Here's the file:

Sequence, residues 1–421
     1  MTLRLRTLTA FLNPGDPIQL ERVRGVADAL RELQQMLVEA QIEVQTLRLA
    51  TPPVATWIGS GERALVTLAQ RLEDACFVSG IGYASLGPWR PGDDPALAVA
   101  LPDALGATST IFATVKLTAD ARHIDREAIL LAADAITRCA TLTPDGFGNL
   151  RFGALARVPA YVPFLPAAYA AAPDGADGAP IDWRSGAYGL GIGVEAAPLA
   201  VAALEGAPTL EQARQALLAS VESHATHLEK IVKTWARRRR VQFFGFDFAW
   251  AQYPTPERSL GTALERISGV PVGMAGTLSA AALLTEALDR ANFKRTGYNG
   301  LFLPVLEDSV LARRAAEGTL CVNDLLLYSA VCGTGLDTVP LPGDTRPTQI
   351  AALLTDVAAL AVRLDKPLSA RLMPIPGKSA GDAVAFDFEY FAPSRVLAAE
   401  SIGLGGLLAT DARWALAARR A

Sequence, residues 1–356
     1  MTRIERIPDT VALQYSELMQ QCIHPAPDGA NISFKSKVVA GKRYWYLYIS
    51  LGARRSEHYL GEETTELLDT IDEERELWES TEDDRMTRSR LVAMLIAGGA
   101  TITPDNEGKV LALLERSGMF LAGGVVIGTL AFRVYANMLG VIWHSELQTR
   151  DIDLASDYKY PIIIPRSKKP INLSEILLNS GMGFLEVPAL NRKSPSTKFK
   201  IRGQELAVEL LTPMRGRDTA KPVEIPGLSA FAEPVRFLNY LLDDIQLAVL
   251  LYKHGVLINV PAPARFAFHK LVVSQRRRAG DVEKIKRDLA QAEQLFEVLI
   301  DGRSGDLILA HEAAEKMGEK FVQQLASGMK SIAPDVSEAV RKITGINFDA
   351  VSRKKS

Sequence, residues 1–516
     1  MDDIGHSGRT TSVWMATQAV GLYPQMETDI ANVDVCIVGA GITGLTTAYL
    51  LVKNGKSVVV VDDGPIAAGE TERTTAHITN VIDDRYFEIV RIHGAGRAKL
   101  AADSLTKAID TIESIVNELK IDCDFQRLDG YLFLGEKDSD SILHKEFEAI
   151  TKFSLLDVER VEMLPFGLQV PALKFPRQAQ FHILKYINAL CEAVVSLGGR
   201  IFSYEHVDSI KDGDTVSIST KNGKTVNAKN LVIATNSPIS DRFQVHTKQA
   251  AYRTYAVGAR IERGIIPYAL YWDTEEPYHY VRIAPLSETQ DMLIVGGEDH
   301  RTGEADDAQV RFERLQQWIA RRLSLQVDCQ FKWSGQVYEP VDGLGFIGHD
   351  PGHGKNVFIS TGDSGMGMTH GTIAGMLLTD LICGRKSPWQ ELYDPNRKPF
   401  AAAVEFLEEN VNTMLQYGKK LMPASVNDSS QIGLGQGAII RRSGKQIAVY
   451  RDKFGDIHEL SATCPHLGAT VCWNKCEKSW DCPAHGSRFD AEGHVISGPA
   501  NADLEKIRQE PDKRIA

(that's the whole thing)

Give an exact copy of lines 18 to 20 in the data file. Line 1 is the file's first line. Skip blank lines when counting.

   301  DGRSGDLILA HEAAEKMGEK FVQQLASGMK SIAPDVSEAV RKITGINFDA
   351  VSRKKS

Sequence, residues 1–516